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Alice Austen House Designated as National LGBT Historic Site

By Nicholas Rizzi | June 16, 2017 9:52am | Updated on June 19, 2017 7:13am
 The historic designation of the Alice Austen House, one of the earliest female photographers, was expanded to include the photographer's significance in LGBT history.
The historic designation of the Alice Austen House, one of the earliest female photographers, was expanded to include the photographer's significance in LGBT history.
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DNAinfo/Nicholas Rizzi

ROSEBANK — The Hylan Boulevard home of one of the first female street photographers, Alice Austen, was designated a national LGBT historic site Thursday.

The National Register of Historic Places' designation for Austen's 2 Hylan Blvd. home, which she shared for nearly 30 years with her long-time partner Gertrude Tate, was updated to include the photographer's significance in LGBT history, Gov. Andrew Cuomo announced Thursday.

"This new historic designation of for the Alice Austen House is a recognition of the full scope of this trailblazer’s life and is a further recognition of this state’s place in the struggle for LBGT rights," Cuomo said in a statement.

The 17th century home, dubbed "Clear Comfort" where Austen spent most her life, was originally added to the national registry in 1970 and expanded to include her 53-year relationship with Tate, who lived in the house with Austen between 1917 and 1945, Cuomo said.

Alice Austen and Gertrude Tate in 1944, photographed by Richard O'Cannon (Courtesy of Alice Austen House)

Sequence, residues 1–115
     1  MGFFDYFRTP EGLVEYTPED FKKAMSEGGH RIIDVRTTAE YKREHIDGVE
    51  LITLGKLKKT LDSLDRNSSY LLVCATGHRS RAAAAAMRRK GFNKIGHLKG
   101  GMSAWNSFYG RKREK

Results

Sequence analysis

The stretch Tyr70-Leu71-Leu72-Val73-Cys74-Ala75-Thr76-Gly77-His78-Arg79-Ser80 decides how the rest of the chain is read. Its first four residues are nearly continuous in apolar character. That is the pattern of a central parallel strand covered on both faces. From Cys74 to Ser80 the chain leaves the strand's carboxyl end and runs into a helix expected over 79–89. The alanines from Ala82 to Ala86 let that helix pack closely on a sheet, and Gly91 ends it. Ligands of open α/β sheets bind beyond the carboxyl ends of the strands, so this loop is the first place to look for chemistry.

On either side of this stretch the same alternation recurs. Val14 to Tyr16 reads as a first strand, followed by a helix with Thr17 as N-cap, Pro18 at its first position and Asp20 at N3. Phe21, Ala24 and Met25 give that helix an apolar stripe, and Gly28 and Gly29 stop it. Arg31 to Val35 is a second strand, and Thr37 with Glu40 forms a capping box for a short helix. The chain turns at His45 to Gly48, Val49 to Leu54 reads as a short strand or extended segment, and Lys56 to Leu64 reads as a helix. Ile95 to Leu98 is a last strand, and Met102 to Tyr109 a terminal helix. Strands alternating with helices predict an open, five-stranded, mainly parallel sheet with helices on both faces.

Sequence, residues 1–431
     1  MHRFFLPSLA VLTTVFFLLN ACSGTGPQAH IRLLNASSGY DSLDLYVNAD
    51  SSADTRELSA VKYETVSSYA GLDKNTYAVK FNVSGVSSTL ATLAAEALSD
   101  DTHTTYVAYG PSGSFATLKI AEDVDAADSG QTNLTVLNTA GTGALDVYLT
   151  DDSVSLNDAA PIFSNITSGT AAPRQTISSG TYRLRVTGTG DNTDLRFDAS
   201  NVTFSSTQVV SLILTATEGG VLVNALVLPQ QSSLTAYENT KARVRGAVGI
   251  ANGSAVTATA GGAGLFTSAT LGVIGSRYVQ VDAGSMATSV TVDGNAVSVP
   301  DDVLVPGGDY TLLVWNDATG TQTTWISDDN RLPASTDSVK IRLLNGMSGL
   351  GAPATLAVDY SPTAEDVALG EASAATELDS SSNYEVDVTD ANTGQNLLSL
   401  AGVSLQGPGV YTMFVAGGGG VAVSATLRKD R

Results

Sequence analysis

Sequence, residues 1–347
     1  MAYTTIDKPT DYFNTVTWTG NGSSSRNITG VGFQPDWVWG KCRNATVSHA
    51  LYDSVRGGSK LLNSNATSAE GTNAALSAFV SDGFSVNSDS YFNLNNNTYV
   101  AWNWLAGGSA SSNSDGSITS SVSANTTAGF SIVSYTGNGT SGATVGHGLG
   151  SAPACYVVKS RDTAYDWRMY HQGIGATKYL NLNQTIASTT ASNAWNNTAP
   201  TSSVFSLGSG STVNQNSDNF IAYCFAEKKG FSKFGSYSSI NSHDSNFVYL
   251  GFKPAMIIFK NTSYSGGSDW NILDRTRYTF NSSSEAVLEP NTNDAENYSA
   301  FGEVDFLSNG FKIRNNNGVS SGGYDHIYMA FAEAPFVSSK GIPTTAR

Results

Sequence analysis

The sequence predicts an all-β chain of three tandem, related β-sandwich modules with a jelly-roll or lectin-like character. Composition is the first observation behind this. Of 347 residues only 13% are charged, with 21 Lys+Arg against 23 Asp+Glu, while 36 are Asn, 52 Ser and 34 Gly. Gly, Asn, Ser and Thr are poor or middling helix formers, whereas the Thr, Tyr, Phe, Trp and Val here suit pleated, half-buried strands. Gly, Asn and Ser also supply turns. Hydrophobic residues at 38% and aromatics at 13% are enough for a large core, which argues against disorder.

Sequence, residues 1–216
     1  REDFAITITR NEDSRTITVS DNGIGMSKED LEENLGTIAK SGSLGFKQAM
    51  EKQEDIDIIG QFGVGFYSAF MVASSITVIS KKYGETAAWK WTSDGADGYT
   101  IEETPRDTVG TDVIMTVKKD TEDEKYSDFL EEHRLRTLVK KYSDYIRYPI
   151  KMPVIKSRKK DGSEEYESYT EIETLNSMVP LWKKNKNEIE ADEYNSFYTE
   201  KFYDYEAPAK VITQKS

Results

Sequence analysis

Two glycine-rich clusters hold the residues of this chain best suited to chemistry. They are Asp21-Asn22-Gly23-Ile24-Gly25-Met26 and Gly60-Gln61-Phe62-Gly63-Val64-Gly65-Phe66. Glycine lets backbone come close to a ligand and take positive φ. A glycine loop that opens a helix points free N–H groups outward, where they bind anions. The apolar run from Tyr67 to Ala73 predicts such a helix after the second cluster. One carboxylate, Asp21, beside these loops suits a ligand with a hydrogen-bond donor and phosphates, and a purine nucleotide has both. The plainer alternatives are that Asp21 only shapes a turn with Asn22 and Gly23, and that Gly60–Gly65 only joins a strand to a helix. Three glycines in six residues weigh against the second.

The museum will host a public announcement about the designation on Tuesday from 11 a.m. to noon with a keynote speech given by Joan E. Biren, an award-winning photographer and filmmaker known for chronicling the lives of LGBT individuals. 

The site was also recently included on the NYC LGBT Historic Sites Project interactive map.

Austen was born in 1866 and grew up in the waterfront Rosebank home originally owned by her grandparents, according to the museum's website. She was introduced to photography by her uncle, Oswald Müller, and began taking photographs of herself, family and her home.

She later started to travel around Staten Island to photograph life in the borough and documented the city's changing working class on the streets of Manhattan during the 1890s.

A photograph of a postman in 1896, part of Alice Austen's street photography portfolio. (Courtesy Alice Austen House)

For those shots, Austen would bike from her Rosebank home to Manhattan carrying nearly 50 pounds of equipment, according to the museum.

She also photographed herself and women dressed as men and explored gender and societal norms in her photographs, Cuomo said.

Alice Austen, Trude and I, masked, short skirts 1891, glass plate negative. (Collection of Historic Richmond Town.)

In 1899, she met Tate, a kindergarten teacher and dance instructor, at a Catskills hotel and the pair started a relationship. Tate later moved into Austen's house in 1917.

Austen lost her grandfather's inheritance in the 1929 stock market crash and later lost her home in 1945, according to her biography.

The couple then moved into a small apartment but quickly moved out when they couldn't afford the rent. Tate's family offered to pay for her housing — but without Austen — so Austen got admitted to the Staten Island Farm Colony in 1950.

She died two years later in 1952 and left behind a body of work of nearly 8,000 images.

Tate later died in 1962 and the couple wanted to be buried together, but their families denied their wish, according to the museum.

Her house currently houses a photography museum dedicated to her life and work as well as exhibits showcasing modern photographers.